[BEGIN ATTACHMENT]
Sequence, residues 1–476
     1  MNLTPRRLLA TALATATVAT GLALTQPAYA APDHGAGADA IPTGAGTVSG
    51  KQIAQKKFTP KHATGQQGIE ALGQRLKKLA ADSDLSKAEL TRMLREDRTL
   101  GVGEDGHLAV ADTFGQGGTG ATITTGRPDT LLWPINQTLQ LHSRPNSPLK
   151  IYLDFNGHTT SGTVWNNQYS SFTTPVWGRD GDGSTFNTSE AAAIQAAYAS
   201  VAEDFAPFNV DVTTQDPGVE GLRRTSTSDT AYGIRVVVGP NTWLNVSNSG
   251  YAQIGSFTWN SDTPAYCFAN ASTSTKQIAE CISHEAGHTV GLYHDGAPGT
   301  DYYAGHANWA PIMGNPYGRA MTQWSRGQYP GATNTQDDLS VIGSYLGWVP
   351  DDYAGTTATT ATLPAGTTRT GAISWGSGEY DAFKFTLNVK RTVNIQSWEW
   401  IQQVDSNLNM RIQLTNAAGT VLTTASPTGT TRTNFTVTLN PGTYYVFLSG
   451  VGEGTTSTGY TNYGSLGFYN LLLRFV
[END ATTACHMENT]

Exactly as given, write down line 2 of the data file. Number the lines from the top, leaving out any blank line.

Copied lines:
     1  MNLTPRRLLA TALATATVAT GLALTQPAYA APDHGAGADA IPTGAGTVSG